When Rheanna Haeg took her son to an informational meeting of the Shakopee High School Trap Club a few years back, what she heard inspired her and gave her hope.
Part of the presentation revolved around the story of a young man who used a wheelchair and eventually participated in the high school trapshooting state tournament in Alexandria.
Haeg immediately thought of her son, Jaz Krulikosky, who was forced to give up football and other school sports because of a debilitating and often mysterious ailment called cavus foot.
“I was really, really moved by that story,” Haeg said. “It showed me that no matter your ability, no matter your lot in life, shooting trap is a sport for everyone. I thought, ‘This is something my son can do and feel good about himself.’ ”
Added Haeg: “That night changed everything.”
Now, on the eve of another prep trapshooting season, much has transpired for Haeg and her son. After years of volunteering for the trap team, Haeg, 39, is now the club’s head coach and president. Meanwhile, Krulikosky, 16, is a veteran trapshooter and letter winner whose life has been transformed by the fast-growing, nontraditional high school sport.
But it wasn’t always easy, especially for Krulikosky. Cavus foot, a condition in which the foot has an extremely high arch, can severely limit mobility and had prevented him from playing most sports. He loved football, which his older brother played, and he had wanted to follow in his footsteps.
Krulikosky’s condition also required major reconstructive surgery. Over six hours, bones were broken, nerves were cut and screws were inserted into both feet. Weeks of painful convalescence and physical therapy followed. Krulikosky said he basically had to teach himself to walk again.
“Cavus foot affected the way I walked and my ability to run,” Krulikosky said. “I’d trip and fall a lot when I’d run. It’s not something I’d wish on anyone.”
The combination of hardships took a heavy toll on Krulikosky. Depression set in. Suicidal thoughts, he said, occupied his mind. He said he occasionally cut himself with a razor as a way to “distract” from his physical and emotional pain.
Krulikosky also became socially reclusive, pushing away friends and family, even his mother.
“I ended up finding the razor,” Haeg said. “Something had to change.”
Though he initially refused, Krulikosky started seeing a therapist. He learned breathing exercises to deal with his anxiety and started writing about his feelings in a journal.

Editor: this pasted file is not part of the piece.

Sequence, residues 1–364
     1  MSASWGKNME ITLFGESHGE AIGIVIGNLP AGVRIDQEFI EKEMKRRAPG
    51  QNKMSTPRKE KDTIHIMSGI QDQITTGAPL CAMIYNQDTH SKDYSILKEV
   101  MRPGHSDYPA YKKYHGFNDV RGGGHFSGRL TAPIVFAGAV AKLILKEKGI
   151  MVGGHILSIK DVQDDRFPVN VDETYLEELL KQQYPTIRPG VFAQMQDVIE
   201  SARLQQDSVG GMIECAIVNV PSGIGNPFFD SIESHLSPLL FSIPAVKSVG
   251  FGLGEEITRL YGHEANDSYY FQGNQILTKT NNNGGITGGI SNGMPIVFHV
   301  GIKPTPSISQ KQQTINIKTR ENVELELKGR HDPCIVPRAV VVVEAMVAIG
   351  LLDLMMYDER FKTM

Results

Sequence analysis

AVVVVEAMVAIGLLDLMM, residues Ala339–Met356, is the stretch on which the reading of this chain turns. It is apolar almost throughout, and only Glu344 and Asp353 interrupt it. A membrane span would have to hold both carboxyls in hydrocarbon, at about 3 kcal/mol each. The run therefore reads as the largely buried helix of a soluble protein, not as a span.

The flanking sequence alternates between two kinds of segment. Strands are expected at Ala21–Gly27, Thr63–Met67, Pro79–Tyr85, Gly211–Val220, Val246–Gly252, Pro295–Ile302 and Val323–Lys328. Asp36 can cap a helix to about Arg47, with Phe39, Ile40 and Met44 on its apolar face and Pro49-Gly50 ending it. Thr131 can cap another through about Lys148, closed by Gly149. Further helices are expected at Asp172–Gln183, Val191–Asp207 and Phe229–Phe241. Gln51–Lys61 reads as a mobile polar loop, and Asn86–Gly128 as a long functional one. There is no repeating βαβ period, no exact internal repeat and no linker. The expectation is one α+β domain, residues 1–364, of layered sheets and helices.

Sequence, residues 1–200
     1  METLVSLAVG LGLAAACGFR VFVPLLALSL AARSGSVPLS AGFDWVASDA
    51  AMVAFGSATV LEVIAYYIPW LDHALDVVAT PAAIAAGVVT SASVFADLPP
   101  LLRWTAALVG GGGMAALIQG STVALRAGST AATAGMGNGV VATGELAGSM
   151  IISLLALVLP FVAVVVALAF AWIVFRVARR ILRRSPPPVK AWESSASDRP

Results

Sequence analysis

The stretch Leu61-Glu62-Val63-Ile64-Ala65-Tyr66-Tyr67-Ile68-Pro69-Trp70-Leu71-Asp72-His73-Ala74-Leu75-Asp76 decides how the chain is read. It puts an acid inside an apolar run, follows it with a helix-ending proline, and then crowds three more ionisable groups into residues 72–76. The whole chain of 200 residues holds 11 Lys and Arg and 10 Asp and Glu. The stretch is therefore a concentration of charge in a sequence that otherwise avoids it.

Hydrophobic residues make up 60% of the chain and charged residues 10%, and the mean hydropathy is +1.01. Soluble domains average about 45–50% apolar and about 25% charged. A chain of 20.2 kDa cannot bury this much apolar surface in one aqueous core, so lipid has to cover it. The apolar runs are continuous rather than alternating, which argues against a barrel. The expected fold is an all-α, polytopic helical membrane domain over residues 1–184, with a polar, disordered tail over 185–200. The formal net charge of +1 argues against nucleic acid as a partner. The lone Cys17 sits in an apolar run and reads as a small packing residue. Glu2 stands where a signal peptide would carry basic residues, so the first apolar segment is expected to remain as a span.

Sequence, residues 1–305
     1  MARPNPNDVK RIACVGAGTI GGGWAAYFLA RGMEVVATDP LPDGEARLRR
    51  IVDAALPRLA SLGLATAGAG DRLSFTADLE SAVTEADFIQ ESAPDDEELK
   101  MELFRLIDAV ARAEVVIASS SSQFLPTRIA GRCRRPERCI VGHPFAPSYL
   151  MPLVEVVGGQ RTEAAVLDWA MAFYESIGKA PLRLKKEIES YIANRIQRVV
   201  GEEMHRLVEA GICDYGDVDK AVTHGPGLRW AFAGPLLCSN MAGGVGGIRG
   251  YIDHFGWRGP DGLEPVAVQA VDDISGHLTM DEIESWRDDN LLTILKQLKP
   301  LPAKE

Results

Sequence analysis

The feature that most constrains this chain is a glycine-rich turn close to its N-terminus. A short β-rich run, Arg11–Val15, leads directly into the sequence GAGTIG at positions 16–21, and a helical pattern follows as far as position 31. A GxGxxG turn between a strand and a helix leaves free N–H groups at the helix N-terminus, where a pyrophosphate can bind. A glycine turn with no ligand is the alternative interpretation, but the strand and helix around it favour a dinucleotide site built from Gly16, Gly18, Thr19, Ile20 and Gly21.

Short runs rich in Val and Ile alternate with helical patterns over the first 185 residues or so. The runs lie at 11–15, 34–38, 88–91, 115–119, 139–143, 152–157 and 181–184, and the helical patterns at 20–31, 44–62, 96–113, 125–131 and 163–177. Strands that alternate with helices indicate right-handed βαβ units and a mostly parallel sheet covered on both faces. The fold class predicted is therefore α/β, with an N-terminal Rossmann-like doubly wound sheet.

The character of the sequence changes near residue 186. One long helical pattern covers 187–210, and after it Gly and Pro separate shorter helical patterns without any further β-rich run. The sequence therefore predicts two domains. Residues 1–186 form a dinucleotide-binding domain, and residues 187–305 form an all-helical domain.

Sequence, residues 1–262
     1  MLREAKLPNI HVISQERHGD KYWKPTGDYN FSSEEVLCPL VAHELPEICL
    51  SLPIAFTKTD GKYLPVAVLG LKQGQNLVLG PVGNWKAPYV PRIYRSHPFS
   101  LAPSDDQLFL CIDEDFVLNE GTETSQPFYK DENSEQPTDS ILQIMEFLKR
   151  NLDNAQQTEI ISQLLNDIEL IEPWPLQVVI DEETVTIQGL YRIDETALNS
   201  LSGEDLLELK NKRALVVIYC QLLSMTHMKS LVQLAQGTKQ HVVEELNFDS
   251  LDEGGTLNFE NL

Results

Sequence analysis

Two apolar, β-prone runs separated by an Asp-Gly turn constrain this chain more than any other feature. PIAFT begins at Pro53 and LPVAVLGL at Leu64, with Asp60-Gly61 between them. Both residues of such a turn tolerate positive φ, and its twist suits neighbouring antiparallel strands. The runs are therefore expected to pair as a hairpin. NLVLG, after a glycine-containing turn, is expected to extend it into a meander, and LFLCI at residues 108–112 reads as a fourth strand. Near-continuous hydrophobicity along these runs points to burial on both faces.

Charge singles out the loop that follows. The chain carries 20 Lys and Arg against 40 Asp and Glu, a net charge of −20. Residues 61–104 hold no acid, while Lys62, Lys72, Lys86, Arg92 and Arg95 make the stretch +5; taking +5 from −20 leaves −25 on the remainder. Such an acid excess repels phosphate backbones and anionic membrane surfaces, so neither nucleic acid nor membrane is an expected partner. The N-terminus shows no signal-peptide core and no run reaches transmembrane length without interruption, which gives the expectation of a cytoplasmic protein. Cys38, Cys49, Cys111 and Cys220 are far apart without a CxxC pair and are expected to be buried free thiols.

“What I’ve learned about therapy is that you have to put in the work,” he said. “I started to open up, and it helped. It helped me put things into perspective. It’s something I’d definitely recommend to others. Don’t let any stigma stop you from getting help. Depression doesn’t just go away.”
After his mother took him to the Shakopee Trap Club’s informational meeting, Krulikosky’s spirits rose. He wasn’t a complete stranger to firearms or trapshooting, which, he said, eased his transition into the sport.
“I shot trap before, but not with a club,” he said. “I enjoyed it from the start. It was an activity I could do without running. I could just be myself.”
Shakopee High School’s 2020 trap season, which starts later this month, marks Krulikosky’s fourth year with the club. He and 70-plus teammates practice and compete every Tuesday at the Minnesota Horse & Hunt Club in Prior Lake.
“I love being around my teammates and just having fun,” he said.
Krulikosky said he owns and shoots two 12-gauge shotguns — a Remington pump and a Mossberg over-and-under, which he won at a year-end banquet. In addition to lettering, he has competed in the state trapshooting tournament in Alexandria and often shoots well.
“I’ve gotten better and better over the years,” he said. “With trap, you’re not competing against an opponent; you’re competing against yourself, and I like that.”
Shooting well, he said, requires intense concentration throughout the round. “When the pigeon is in the air, you have to slow things down and focus on the target,” he said. “More than anything, it’s really a lot of fun and I encourage others to give it a try, like I did.”
Bob Pulk, Shakopee High School’s trapshooting coach before Haeg, said, “I didn’t know anything about Jaz until I approached Rheanna about taking over for me. She told me his story and it really struck a chord with me.
“You never really know what kids are going through,” he said. “This team gave him a place and a purpose, a feeling of belonging. When I first met him, he didn’t say much. But he’s really opened up and he’s grown a lot. It’s been a real pleasure watching him mature into the young man he is today.”
As Haeg prepares for her first season as coach, she said she has a lot to do “and a lot to learn.”
“But I’m loving every minute of it and really excited for the season to start,” she said.
More important, she loves knowing that every Tuesday she’ll be with her son.
“It’s our time together and it’s a bond we share,’’ she said. “Trapshooting means a lot to both of us. It’s really changed our lives.”
Tori J. McCormick is freelance outdoors writer. Reach him at email@example.com.